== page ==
Pictured, Margaret Thatcher with former US President Ronald Reagan in July 1988
Maragret Thatcher refused to take a giant panda with her on a Concorde flight to the US, newly-declassified files reveal.
The act of ‘panda diplomacy’ was suggested to her by experts as a way of improving the special relationship.
Files show the then prime minister read the proposal with ‘amusement’ but responded: ‘I am not taking a panda with me.’
The bizarre case began when a Washington zoo with a fertile female panda requested the loan of London Zoo’s male panda so they could mate.
Mrs Thatcher’s Principal Private Secretary, Sir Clive Whitmore, wrote to her saying that it could be a demonstration of the ‘special relationship’.
‘The London Zoo are minded to agree to lend their panda,’ he wrote to her, suggesting that she bring the panda when she visited US President Ronald Reagan.
‘Lord Zuckerman [Secretary of London Zoo] sees this as a signal demonstration of the special relationship, and would be very happy to time the announcement of the loan of the delivery of the panda in any way that the Prime Minister thought would be most likely to benefit Anglo-American relations.
‘He even suggested that the Prime Minister might like to take the panda in the back of her Concorde, when she goes to Washington next month.’
Mrs Thatcher refused, adding that pandas and politicians were not ‘happy omens’ in the note from 1981.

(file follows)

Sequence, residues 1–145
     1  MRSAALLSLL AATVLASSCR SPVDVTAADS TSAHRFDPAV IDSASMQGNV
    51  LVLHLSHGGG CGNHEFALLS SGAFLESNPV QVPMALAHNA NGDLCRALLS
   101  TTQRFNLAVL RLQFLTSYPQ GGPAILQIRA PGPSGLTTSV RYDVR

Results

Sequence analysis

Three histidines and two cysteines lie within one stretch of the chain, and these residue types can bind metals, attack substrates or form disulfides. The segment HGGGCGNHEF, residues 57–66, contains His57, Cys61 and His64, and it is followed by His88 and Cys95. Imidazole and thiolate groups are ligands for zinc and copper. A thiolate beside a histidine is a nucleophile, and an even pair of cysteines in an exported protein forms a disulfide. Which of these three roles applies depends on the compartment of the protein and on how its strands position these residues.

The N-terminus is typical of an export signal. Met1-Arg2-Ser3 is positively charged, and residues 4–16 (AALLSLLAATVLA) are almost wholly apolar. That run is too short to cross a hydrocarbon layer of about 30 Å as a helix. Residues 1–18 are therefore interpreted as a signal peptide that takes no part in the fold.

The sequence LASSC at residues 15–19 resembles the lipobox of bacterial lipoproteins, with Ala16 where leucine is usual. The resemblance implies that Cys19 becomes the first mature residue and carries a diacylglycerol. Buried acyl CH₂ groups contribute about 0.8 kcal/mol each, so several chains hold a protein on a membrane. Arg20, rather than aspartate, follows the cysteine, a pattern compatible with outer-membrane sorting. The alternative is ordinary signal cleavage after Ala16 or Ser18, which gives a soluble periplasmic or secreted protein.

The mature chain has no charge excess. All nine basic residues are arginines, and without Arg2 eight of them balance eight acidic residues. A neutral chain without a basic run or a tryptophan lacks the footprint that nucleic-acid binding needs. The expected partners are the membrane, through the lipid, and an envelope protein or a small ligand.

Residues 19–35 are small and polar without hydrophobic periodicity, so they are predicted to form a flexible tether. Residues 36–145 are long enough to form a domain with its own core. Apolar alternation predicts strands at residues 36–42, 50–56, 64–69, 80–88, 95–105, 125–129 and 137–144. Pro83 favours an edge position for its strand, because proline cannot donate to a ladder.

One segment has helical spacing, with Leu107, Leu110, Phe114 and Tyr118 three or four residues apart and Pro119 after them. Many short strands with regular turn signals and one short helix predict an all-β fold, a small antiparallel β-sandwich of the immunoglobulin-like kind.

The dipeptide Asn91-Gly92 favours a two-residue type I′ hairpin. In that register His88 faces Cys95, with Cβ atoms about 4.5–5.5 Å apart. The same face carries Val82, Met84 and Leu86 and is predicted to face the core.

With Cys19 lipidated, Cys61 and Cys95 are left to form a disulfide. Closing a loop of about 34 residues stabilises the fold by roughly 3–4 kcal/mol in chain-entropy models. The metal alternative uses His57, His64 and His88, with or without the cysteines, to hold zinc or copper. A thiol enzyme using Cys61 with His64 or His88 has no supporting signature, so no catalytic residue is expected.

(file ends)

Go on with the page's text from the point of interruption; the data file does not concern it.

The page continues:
Her Cabinet Secretary Sir Robert Armstrong replied to Sir Clive diplomatically: ‘The Prime Minister read your minute… with some interest and amusement. She has commented that she is not taking a panda with her.’
The pandas are not named, but the British panda is believed to be Chia-Chia, who arrived in the UK in 1974, while the US panda is thought to be Ling-Ling.
The pandas are not named, but the British panda is believed to be Chia-Chia (pictured), who arrived in the UK in 1974, while the US panda is thought to be Ling-Ling
Panda Diplomacy was a Chinese practice of presenting giant pandas to other nations to improve relations.
But in the 1970s, by a strange coincidence, any world leader who was given a pair of pandas by China fell from power.
The phenomenon, which was highlighted in a 1976 BBC film Very Important Pandas, revolved around the two aforementioned pandas.
US President Richard Nixon was brought down two years after being gifted Ling-Ling, while British Prime Minister Edward Heath was replaced by Mrs Thatcher after being sent Chia Chia.
A Japanese prime minister also lost power, as did a prince of the Netherlands. Mrs Thatcher was clearly unwilling to take her chances.